You might have commonly heard the word “chloroform” associated with people fainting or police investigations. In cinemas, we sometimes see an unfortunate victim forced to smell a cloth moistened by chloroform, leading the victim to fall unconscious suddenly. So, is it advisable to avoid smelling or touching chloroform? Is there any truth in this general notion, and is chloroform actually harmful to you?
All our consciousness depends upon work done by the brain. When we think our brain is at work. Or when we see, or when we feel pain, our brain is working. A person who has breathed a sufficient quantity of chloroform or ether, or who has had a large enough dose of opium or alcohol, cannot feel pain even when the skin is cut, because pain is really felt in the brain, and the brain of such a person is prevented from working.
Chloroform is a chemical compound, having the formula CHCl3. It is found in a liquid state and is very much volatile, meaning that even in average temperatures, it can quickly be evaporated or get absorbed by other materials. Chloroform is almost 40 times sweeter than sugar and is found to have pain-relieving properties, which is why it is used in some toothpaste, mouthwash, and other medicines related to teeth and gums. It is used in the preservation of several specimens in laboratories as it can prevent structural decay. It is also used for industrial purposes, like in the production of pesticides such as chloropicrin, and it is used as a fumigant – a strong gaseous substance used to clear pests within large structures like agricultural fields, storage houses, and city apartments.
Given the almost one and a half-century since its discovery, we have come a long way in learning about chloroform’s chemical and physical properties. It has many side-effects that, if taken in high dosage, can be fatal. Inhaling it in small amounts can cause mild disorientation, causing a person to lose focus. It can produce a lethargic effect on the body, making the brain lose full control of the body. Larger dosages can have several harmful effects. A person may begin to get headaches as well as start to slowly lose sensation in some parts of the body, which leads to difficulty in accomplishing basic tasks such as walking or talking.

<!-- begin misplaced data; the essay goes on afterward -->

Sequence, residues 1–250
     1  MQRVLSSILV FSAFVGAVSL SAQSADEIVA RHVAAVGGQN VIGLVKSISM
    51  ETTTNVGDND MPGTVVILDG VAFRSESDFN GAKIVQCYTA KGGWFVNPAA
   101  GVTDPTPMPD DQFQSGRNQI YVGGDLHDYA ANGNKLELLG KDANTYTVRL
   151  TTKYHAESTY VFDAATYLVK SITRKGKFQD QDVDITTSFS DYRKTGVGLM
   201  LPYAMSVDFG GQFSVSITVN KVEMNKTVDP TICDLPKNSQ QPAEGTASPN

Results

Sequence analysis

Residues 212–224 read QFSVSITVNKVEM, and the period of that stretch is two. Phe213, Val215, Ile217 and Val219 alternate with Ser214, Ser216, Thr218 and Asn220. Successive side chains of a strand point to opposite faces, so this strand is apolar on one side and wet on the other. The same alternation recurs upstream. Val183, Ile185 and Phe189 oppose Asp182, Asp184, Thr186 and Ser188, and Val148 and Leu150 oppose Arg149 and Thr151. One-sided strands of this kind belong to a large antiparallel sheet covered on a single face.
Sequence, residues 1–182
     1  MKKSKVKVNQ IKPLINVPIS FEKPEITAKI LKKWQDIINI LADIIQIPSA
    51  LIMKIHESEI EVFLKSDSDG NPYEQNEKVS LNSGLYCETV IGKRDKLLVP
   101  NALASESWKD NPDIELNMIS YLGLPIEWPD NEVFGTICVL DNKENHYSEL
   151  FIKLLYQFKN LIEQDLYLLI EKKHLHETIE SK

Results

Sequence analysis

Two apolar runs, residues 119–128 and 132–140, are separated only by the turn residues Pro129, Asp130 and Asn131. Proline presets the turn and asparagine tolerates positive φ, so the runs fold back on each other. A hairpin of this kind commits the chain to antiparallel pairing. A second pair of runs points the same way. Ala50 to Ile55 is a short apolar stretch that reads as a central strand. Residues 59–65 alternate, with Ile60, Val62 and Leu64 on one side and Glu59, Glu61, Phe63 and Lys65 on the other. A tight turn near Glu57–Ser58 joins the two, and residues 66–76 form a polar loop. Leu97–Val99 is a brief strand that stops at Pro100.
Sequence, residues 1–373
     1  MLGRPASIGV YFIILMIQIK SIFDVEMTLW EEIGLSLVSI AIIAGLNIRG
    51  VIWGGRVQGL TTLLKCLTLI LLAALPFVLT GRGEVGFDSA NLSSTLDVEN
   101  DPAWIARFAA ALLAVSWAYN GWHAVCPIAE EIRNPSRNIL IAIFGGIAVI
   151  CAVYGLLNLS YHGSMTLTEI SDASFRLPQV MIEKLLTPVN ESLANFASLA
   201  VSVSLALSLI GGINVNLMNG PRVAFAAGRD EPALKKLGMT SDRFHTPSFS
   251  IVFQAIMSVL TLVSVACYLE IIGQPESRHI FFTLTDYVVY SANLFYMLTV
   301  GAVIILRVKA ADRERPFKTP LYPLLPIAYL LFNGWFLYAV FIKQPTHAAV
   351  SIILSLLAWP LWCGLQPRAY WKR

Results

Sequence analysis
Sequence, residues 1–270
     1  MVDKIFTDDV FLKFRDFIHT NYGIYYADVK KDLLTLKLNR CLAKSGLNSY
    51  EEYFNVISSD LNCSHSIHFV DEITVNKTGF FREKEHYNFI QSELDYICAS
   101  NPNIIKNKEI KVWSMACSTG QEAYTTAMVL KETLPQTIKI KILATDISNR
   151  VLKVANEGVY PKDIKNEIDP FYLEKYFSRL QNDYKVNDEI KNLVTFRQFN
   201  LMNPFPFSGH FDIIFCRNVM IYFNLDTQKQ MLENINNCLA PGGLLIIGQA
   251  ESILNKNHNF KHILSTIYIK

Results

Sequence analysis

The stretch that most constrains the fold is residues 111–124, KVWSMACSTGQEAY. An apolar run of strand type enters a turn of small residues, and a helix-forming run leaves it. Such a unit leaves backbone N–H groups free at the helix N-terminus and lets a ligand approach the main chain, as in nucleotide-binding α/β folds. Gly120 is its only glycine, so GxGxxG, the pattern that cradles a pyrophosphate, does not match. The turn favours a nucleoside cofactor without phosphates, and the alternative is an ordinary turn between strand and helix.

If exposed to the skin in large amounts, and for an extended period, it can cause skin sores. It has been proven on multiple occasions that a sufficiently high dose of chloroform can cause death in a patient. Initially, the victim may only start to have trouble breathing. After a few moments, muscle relaxation starts to occur, which, in this case, is a bad thing for the victim’s health. These muscle abnormalities also affect the chest, which can lead to a condition known as arrhythmia. It basically causes your heart to beat very slowly or quickly, as well as in an irregular pattern rather than pumping consistently. This condition can be a very probable cause of death.
However, if administered in about just the right dosage, that is, not so low that a person is disoriented for a while and not so high that it leads to fatal health issues, chloroform can cause sedation and force a state of unconsciousness upon the brain. However, this slipping into a blackout is never as smooth as you might have imagined. It can take anywhere from 2 to 5 minutes for a person to become wholly unconscious when they are constantly exposed to a moderate amount of chloroform. The blackout may last for 1 to 2 hours in some cases.
The question, then, is: How do chloroform work as an anesthetic, and stop the working of the brain? Chloroform is made up of certain chemical molecules. When chloroform is breathed, these molecules pass into the substance of the brain itself. There the chloroform molecules combine with the molecules of the brain, probably with the result that the brain can no longer use up the oxygen in the blood, and so has to stop working. But as soon as the person stops breathing chloroform, their blood that goes to the brain becomes free of it. The chloroform then passes back from their brain into the blood and is breathed away by the lungs, going back the same way it came, and the person becomes conscious again.
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